Strasbourg’s appearance of dire poverty could derive from either or both of two sources. First are the significant wage disparities within England that Hunt and Boyer noted, which correspond to those between Paris and Strasbourg. These variations, which are consistent with labor-market structures, urban disamenities, regional specializations, and barriers to migration seen elsewhere in Europe at the time, could support an extreme interpretation of Strasbourg’s situation. Second, the city’s economic straits could be a statistical artifact, as in the case of Stephenson’s work for London regarding contract rates versus actual rates. Given Strasbourg’s outlier status relative to wages in Paris and Cavaillon—two regions farther from each other than Paris is from the Strasbourg area—the likelihood that the incongruity is a problem with the data rather than actual economic conditions seems appreciable, and not unprecedented. Malanima found Allen’s Italian wages to be underestimated; his new data changed the starting point of Italy’s status relative to England. The contention of this research note is that the second explanation is particularly compelling in the case of Strasbourg (though the first may also be relevant).6
Wages in Strasbourg, Mulhouse, and Colmar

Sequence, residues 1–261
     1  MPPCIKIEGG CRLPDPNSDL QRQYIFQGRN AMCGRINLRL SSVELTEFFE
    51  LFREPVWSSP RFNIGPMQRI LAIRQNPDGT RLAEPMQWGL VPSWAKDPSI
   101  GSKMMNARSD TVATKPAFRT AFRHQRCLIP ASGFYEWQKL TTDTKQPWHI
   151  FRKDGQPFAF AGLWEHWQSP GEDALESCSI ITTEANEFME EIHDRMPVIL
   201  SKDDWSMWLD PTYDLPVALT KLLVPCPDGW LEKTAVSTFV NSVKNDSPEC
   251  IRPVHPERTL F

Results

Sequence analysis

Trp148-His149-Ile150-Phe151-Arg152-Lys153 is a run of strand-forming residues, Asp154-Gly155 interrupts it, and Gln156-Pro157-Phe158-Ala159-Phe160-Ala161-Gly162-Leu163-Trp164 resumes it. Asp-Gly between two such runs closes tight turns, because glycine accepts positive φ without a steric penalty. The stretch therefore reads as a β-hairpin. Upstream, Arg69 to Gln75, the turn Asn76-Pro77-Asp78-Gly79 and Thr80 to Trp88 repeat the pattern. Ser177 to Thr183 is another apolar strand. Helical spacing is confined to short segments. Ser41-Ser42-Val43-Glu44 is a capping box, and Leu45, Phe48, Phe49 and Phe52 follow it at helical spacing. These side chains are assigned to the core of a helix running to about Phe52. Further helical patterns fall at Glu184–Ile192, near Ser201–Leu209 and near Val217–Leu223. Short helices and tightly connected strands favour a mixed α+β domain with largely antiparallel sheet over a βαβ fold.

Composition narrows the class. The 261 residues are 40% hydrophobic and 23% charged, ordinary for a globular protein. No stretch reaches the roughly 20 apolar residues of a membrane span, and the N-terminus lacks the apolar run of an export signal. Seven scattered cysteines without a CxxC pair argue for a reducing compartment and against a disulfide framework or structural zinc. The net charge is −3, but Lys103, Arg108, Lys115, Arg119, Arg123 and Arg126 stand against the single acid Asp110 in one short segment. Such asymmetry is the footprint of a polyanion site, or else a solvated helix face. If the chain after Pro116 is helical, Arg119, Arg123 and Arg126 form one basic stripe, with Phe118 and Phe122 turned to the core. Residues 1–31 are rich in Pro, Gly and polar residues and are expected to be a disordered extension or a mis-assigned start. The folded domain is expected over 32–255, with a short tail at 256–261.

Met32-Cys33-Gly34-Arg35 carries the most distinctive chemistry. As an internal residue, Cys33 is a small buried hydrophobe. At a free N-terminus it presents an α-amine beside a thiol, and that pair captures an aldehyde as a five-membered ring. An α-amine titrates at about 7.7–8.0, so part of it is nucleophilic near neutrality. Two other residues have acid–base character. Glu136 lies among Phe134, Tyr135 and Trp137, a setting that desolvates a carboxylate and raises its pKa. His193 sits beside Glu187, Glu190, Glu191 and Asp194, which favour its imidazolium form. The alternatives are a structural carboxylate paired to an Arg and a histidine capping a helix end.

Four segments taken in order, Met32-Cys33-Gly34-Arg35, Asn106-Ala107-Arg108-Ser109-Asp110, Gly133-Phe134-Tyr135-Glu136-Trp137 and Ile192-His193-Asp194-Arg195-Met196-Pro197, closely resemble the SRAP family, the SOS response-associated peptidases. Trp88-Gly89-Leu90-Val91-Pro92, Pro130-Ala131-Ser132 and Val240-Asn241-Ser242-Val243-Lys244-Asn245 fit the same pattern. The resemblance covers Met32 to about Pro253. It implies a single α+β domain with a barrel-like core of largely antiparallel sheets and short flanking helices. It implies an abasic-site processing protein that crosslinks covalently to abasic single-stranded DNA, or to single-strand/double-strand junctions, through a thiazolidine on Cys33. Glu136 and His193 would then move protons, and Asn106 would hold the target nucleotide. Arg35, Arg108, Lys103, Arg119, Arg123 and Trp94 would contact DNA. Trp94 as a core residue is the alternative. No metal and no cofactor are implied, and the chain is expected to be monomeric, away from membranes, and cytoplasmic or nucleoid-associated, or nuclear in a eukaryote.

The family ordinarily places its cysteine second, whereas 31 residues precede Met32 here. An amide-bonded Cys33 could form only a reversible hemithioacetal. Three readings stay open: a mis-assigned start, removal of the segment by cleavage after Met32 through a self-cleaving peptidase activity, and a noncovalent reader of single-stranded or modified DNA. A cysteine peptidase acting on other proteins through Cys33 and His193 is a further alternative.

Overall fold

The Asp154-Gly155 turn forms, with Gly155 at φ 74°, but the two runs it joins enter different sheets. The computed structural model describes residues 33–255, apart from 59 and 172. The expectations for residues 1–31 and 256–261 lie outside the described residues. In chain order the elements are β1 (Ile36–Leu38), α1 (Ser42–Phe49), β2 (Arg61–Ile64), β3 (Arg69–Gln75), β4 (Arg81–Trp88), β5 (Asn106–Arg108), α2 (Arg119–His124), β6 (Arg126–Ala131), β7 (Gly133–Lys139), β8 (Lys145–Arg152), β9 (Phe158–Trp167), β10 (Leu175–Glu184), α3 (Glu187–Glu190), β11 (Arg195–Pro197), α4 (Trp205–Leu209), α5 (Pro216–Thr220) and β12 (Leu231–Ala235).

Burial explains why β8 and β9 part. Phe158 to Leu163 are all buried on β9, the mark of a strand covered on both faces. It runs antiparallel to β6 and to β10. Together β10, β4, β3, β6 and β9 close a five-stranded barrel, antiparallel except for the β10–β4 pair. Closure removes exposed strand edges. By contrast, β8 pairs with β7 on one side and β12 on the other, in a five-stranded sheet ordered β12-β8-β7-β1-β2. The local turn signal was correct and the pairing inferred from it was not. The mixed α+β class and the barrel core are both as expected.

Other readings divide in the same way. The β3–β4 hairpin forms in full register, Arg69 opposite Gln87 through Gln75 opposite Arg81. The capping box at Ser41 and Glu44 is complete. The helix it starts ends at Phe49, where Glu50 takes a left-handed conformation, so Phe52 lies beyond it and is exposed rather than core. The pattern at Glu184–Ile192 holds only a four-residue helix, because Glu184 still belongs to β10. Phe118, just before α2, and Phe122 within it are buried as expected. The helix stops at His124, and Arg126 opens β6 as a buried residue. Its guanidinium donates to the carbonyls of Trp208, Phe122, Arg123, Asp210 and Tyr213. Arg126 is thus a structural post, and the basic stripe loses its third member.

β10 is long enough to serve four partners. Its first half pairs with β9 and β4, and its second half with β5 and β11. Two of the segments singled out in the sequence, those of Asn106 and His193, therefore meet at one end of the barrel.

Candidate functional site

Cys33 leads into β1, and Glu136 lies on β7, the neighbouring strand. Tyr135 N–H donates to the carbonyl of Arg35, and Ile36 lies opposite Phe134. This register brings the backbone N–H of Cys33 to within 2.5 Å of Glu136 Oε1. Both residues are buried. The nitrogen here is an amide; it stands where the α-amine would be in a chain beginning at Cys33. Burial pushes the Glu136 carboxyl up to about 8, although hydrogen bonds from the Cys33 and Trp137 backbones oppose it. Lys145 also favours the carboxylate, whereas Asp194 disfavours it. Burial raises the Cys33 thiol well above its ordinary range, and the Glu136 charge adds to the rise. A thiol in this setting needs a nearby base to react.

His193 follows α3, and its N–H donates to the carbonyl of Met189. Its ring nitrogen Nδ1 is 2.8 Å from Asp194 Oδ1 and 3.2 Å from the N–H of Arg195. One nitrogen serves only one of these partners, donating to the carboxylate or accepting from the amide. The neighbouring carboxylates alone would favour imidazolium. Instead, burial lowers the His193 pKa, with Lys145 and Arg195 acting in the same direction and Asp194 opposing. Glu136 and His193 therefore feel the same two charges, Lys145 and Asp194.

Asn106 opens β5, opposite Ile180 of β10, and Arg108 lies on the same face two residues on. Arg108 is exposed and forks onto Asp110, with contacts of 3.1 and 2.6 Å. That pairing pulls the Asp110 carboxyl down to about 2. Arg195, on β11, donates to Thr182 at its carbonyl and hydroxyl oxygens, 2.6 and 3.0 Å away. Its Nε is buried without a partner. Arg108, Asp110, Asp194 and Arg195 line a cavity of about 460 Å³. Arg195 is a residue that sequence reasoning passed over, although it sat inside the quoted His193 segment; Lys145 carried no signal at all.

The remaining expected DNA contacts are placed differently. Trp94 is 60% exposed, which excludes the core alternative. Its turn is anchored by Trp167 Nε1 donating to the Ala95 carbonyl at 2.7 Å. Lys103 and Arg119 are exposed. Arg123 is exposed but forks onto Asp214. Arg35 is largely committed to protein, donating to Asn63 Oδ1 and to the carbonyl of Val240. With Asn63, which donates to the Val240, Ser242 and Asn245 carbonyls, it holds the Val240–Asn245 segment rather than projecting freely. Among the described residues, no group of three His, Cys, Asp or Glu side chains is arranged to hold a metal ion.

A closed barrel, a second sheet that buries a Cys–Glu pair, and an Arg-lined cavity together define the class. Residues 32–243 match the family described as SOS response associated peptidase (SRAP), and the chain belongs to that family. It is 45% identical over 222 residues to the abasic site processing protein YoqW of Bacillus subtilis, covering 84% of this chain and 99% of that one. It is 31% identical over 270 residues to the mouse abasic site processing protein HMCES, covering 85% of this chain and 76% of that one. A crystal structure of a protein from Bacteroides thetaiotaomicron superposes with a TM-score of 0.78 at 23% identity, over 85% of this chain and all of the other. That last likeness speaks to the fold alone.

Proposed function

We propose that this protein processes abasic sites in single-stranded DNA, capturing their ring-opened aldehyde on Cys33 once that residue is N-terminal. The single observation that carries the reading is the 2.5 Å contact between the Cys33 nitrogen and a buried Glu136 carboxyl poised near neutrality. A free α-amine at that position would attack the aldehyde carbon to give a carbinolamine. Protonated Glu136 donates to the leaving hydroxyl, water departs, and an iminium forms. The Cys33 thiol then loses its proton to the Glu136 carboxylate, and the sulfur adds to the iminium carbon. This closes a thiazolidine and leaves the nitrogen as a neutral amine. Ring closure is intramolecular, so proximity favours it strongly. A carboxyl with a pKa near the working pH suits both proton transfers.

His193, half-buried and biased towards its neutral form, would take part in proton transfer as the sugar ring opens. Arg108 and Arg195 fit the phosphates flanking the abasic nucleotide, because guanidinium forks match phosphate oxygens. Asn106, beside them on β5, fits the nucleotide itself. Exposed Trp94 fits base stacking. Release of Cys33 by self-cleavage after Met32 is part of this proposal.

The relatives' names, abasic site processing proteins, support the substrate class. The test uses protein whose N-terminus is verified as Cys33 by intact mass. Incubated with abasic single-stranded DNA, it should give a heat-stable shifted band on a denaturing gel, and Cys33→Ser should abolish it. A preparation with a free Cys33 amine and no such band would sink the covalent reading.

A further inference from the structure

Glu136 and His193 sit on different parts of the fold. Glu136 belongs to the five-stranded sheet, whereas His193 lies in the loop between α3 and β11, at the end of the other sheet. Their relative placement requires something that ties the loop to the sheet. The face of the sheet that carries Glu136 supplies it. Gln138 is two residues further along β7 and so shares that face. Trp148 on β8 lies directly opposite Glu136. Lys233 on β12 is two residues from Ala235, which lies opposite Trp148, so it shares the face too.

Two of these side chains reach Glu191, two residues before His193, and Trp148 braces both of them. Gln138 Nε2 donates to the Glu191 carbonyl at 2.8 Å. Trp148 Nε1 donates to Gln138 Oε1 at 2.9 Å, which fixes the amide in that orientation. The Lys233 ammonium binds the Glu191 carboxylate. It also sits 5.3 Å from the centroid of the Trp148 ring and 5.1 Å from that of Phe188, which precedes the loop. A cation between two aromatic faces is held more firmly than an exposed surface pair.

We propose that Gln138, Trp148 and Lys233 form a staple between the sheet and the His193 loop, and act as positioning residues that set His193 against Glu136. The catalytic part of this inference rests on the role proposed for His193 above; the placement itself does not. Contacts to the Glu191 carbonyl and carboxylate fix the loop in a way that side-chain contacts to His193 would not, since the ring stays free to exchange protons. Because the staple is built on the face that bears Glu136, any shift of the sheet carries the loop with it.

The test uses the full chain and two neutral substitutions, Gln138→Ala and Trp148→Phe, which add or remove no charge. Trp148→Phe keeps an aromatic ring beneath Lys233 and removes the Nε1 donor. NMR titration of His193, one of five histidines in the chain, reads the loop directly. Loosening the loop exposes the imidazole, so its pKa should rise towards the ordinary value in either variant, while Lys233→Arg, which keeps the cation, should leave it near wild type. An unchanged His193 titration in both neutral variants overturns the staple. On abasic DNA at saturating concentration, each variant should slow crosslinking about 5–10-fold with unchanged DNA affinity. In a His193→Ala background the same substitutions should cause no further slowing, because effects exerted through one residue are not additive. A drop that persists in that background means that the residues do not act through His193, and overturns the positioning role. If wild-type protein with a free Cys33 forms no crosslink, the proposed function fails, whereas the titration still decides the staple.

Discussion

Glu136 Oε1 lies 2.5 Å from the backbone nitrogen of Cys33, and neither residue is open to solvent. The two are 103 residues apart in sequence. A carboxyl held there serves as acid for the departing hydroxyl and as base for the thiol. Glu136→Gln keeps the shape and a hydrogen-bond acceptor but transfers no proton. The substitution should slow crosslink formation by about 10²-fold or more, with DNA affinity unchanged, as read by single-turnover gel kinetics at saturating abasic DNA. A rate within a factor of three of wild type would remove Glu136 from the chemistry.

Hanauer’s 1878 Études économique sur l’Alsace ancienne et moderne (two volumes, one covering money and the other covering wages and prices) has attracted much attention, mostly for its information about grain prices, since Allen first consulted it. In the volume devoted to wages and prices, Hanauer reported wages for gâcheurs in the summers between 1702 and 1761 at a rate of 0.64 francs per day (at the exchange rate of 4.5 grams of silver per franc), from which Allen derived his 2.88 grams of silver per day. Inscribed next to Hanauer’s wage rate is the term Mulh, referring to the city of Mulhouse—the future Manchester of France—which is 97 km south of Strasbourg but closer to Freiburg in Germany and Basel in Switzerland. Although it is in Alsace, Mulhouse was considerably smaller than Strasbourg, with a population of roughly 6,000 inhabitants in 1798, compared to Strasbourg’s 44,000 in the years from 1745 to 1750 and 48,500 in 1789. The two cities seem to have had differing labor markets. A few kilometers away in Colmar (73 km south of Strasbourg), masons were paid 4.5 grams of silver per day between 1726 and 1744 and 5.4 grams of silver per day between 1746 and 1749; in Mulhouse, they were paid a minimum of 3.6 grams per day. This large variation is difficult to reconcile within so small a geographical area, especially for workers with masonry skills. The wages presented seem more appropriate to semirural workers than to urban ones, making the area appear poorer than it was. Yet, Allen’s prices were intended for urban areas—where wages and prices are generally higher. The application of urban prices to semirural wages would understate the true level of living standards.7